written by: Mark Muller•edited by: Bill Bunter•updated: 4/22/2010
Here, in part five of the How to Password Protect Folders and other Objects in Windows-series, is all you need to know to password protect a flash drive or an USB flash drive including tips & tricks as well as a tutorial for password protecting your USB drive with TrueCrypt free encryption software.
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How to password protect flash drives essentially means how to password protect USB (Flash) drives. The vast majority of software offering password protection for USB drives or USB Flash drives provide the password protection only in conjunction with encryption; that is the password protects the decryption/encryption key. An exception from the rule is FolderLock, which offers password only protection mode. If that’s what you are looking for check out the article, but please note that encryption is generally perceived safer.
If, on the other hand, semantics doesn’t matter so much then you might be interested in the free TrueCrypt encryption for your USB drive, which protects your Flash Drive with a password. There are a number of easy-to-use USB drive encryption tools but they usually cost money. TrueCrypt on the other hand is a full-fledged FREE encryption suite in which the novice user might not see the wood for the trees. So I have written a short tutorial for USB Flash Drive encryption with TrueCrypt 6.2a which runs on Windows XP, Vista, Mac OS X, as well as Linux.
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TrueCrypt USB Flash Drive Encryption Tutorial
The portable version of TrueCrypt as presented here always requires Admin privileges. The full information about TrueCrypt Traveler mode can be found here in the section Traveler Mode, yet my suggested way of setting up USB Flash Drive encryption should meet the need of most users:
Download, install and open True Crypt. Go to Tools, Traveler Disk Setup. Hit the Browse Button and navigate to your USB Flash Drive; click OK. Set AutoRun Configuration (autorun.inf) upon insertion of traveler disk to Start TrueCrypt.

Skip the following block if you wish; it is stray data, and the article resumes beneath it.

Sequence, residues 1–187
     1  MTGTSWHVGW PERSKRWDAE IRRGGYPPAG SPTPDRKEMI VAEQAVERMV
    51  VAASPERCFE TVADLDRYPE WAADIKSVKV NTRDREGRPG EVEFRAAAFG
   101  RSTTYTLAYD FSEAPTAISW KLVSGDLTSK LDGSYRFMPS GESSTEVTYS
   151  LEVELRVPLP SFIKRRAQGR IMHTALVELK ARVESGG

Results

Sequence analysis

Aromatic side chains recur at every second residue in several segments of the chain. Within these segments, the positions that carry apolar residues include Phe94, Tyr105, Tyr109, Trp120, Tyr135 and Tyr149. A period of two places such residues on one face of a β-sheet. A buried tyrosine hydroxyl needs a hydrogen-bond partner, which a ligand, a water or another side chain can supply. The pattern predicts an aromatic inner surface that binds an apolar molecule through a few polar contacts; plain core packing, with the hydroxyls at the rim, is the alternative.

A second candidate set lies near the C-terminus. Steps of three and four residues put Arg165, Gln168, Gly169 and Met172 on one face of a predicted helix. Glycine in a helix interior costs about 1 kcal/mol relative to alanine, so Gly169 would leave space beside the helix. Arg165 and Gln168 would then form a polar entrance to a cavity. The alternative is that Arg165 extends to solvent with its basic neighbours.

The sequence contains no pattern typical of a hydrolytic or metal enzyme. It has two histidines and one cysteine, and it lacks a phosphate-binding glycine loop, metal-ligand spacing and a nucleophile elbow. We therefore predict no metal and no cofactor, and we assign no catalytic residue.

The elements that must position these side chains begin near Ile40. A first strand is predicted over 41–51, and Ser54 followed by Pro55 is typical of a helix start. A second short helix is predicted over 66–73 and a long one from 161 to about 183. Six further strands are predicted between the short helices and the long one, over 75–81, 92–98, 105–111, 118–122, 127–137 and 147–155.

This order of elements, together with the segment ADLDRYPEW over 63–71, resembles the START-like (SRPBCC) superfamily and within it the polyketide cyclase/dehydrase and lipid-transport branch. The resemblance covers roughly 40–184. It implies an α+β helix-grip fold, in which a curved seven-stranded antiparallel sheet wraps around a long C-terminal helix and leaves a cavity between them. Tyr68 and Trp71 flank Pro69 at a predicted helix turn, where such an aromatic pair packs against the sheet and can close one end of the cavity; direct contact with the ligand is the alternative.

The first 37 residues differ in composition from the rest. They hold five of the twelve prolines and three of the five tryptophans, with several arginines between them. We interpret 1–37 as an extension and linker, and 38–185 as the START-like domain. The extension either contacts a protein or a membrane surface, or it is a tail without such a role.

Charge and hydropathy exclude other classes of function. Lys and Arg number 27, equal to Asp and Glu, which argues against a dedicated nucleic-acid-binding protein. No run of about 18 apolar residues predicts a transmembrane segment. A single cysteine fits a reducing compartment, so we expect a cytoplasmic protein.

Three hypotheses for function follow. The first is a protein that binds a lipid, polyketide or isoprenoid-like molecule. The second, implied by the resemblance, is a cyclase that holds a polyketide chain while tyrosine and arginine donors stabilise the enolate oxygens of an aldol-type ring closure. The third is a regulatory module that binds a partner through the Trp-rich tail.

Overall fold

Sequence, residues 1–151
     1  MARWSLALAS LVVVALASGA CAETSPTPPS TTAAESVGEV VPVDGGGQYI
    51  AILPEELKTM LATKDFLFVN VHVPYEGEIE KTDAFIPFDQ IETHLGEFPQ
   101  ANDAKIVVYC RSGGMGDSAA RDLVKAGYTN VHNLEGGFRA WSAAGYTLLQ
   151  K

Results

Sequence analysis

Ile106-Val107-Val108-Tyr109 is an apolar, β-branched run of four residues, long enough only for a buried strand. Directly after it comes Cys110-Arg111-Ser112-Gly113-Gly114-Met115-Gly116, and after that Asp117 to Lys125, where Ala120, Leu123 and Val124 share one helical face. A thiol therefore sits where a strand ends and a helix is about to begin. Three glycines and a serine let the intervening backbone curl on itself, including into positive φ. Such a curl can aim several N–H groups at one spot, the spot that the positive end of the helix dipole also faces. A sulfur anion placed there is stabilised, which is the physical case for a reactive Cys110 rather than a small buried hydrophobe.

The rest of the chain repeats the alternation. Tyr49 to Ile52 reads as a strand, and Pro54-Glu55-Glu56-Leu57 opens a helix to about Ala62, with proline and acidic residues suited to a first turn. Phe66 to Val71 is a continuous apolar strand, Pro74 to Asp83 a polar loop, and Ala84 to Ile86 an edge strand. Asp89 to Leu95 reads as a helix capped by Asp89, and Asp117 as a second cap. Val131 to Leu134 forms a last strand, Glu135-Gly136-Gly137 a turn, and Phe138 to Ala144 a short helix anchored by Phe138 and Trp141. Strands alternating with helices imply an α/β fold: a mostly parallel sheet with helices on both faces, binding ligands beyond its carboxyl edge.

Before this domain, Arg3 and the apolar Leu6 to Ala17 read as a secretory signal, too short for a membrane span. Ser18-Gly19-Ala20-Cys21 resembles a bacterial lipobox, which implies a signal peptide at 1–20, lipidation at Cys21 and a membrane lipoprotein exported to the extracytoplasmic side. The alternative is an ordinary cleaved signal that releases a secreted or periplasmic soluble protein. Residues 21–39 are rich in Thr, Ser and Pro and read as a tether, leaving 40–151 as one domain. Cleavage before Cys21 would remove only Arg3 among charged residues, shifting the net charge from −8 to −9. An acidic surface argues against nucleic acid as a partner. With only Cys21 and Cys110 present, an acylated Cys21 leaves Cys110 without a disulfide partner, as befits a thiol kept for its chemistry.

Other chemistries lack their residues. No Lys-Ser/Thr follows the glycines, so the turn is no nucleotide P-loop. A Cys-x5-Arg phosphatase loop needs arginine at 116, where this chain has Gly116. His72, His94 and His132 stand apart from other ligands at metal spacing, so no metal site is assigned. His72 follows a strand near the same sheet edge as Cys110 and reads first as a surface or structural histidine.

Leave Include TrueCrypt Volume Creation Wizard ticked and hit Create. Click the OK button when you see the message TrueCrypt Traveler Disk has been successfully created. Click Close. Exit True Crypt.
Open the TrueCrypt.exe on the USB drive. Select Create Volume, then create an encrypted file container. Click Next.
Select Standard TrueCrypt Volume, then click Next. Select File and navigate to your USB flash drive. Name your container (e.g. USBcontainer). Click Save. Click 2 x Next.
Assign the amount free space you want to allocate to USBcontainer. Then click Next to enter and confirm a password.
Click Next. Click Yes if you see a warning message (or No and define a password of at least 20 chars).Click Format.
When you see the message The TrueCrypt Volume has been successfully created click OK. Click Exit.
Upon inserting the USB stick on another computer either Autorun comes up or you have to run Truecrypt.exe from the USB Flash Drive.
Hit Select File (USBcontainer), Click Open. Select a Drive letter for USBcontainer or click Auto-Mount Devices. Enter your password.
That's it, but do yourself a favour and learn or how to use TrueCrypt or the the portable version of TrueCrypt before you go 'live' !
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The Bottom Line
As opposed to Windows 7 Bit-Locker To Go which only permits encryption on premium editions of the operating system, mainly the Ultimate edition, does TrueCrypt allow you to encrypt and decrypt any data on the fly without restriction whatsoever; however Admin privileges are always required. If you are looking for password protection software for flash drives without encryption then check out Bright Hub's review Folder Lock: Password Protection & File Encryption. Alternatively read the fourth article of this series for a wonderful workaround using compression utilities.
How to Password Protect Folders and other Objects in Windows
Windows systems no longer offer standard password protecion for folders, but in this series you will be shown alternative ways of how to password protect folders in Windows XP, Vista and Windows 7. On top of that will you be taught how to password protect Flash drives, DVDs or network shared folders